The first Fury was a real showpiece car. It was only sold as a hardtop coupe with an off-white color and gold trim. This would continue on all Fury models sold in 1956, 1957, and in 1958. It was not until 1960 that this car was offered as a convertible.
1959 was the start of a confusing series of name changes involving the Plymouth Fury. That was the year that the Sport Fury was introduced as the top Plymouth model. That meant that the Fury was dropped down to a step above the Belvedere.
Although the Sport Fury name was discontinued after 1959, it would be reintroduced for the years 1962 through 1969.
Although there were some other Plymouth models sold during the years 1965 through 1974 that have become very popular with collectors, it was the Fury that carried the brand in new car sales during those years.
1965 was the first year that the Fury was sold alongside its many "sequels." The Fury cars that year were the Fury I, Fury II, Fury III, and finally the Sport Fury. Each one of these cars was designed to compete with a specific Chevrolet car.
It was during this time that the Fury I became a very base car targeted towards people who tend to use and abuse their cars. The Fury II and Fury III remained upscale Plymouth models. To confuse things even more, from 1966 to 1969 Plymouth sold a luxury version of the Fury called the Plymouth VIP.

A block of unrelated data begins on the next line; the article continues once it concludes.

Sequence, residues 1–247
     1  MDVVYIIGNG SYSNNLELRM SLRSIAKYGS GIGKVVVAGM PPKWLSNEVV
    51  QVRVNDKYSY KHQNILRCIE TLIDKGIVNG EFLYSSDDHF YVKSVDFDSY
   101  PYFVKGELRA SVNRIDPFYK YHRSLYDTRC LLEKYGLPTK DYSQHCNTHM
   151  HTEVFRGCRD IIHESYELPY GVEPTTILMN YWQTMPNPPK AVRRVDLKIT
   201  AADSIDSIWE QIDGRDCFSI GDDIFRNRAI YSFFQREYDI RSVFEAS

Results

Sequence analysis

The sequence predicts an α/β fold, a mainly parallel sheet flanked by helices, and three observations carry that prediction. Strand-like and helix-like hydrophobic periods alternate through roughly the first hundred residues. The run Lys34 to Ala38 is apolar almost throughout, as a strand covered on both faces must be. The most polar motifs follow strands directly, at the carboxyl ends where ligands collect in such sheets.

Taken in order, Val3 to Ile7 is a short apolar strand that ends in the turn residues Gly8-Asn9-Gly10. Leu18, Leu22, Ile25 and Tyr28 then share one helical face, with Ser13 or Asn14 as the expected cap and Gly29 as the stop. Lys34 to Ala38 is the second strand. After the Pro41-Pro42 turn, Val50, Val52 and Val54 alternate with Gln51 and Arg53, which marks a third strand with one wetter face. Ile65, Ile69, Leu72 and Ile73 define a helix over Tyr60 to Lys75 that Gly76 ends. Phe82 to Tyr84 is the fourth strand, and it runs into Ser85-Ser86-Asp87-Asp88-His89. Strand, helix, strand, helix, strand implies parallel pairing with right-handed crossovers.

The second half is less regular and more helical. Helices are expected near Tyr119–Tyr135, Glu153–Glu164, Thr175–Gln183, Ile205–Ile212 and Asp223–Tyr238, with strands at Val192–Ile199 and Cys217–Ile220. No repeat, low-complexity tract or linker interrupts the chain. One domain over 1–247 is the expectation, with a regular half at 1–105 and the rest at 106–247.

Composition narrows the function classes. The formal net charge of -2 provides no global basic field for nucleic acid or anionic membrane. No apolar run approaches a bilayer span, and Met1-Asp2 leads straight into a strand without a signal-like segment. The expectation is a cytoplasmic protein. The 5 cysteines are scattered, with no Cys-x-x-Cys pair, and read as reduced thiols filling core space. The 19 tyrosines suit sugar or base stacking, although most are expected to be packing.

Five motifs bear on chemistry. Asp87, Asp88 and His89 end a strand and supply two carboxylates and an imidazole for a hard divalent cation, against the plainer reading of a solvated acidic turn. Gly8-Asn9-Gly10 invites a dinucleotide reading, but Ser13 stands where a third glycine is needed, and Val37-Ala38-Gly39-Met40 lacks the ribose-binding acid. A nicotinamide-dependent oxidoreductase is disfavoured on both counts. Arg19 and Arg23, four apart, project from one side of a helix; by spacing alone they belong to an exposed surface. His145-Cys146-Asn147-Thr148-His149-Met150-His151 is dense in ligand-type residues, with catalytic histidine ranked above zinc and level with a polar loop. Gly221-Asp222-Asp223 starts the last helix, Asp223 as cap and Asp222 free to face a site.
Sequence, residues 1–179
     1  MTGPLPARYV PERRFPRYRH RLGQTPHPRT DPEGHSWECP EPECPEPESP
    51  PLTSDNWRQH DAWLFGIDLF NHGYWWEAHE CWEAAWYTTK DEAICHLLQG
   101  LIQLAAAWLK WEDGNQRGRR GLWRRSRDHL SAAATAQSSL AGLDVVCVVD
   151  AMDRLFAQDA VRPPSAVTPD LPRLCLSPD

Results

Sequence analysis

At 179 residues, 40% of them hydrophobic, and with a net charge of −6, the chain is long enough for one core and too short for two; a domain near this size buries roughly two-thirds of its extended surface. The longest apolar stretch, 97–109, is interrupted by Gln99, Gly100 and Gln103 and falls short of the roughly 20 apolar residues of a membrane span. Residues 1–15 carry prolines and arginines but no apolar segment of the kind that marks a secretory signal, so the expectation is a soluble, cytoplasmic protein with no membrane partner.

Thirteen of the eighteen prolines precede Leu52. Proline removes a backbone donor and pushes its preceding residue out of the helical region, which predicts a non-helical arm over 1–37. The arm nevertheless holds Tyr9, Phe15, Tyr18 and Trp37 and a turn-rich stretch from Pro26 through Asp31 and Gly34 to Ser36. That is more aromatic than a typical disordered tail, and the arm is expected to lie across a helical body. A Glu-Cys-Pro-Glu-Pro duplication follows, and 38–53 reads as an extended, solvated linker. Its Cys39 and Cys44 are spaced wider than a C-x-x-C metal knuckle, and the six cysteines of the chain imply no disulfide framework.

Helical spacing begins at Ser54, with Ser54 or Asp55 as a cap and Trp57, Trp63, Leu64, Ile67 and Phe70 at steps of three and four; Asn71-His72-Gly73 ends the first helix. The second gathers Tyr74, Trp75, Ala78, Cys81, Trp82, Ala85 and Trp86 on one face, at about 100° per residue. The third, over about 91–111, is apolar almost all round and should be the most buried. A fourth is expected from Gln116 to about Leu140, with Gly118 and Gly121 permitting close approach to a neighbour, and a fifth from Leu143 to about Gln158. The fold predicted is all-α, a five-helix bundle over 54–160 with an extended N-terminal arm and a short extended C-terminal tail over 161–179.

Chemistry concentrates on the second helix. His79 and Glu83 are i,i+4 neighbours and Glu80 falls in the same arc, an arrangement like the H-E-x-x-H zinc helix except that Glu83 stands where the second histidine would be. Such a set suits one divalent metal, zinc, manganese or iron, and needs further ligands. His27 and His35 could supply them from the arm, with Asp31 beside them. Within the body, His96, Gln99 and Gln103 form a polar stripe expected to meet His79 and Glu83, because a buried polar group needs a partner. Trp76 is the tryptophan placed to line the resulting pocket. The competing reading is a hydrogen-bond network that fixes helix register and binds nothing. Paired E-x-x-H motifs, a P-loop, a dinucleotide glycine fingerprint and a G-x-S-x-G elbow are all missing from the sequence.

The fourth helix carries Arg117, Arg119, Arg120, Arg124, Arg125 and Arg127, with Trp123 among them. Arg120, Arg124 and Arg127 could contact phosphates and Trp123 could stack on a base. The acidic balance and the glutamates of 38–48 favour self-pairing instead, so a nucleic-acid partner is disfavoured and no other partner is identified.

The Gran Fury would replace the Fury in the mid-1970's, and that would soon lead to the end of the Fury model name.
There are many pop culture references to the Plymouth Fury. Perhaps the most famous is in the movie "Christine," which was based on a Stephen King novel. In that movie, the Fury is an evil car that's out of control. The actual cars used in the movie were not Fury's.
The Fury is considered a classic car and is highly collectible. You can find fully restored Fury's or parts car Fury's for good prices on eBay. There are also listings for parts, both used and new, on the auction site.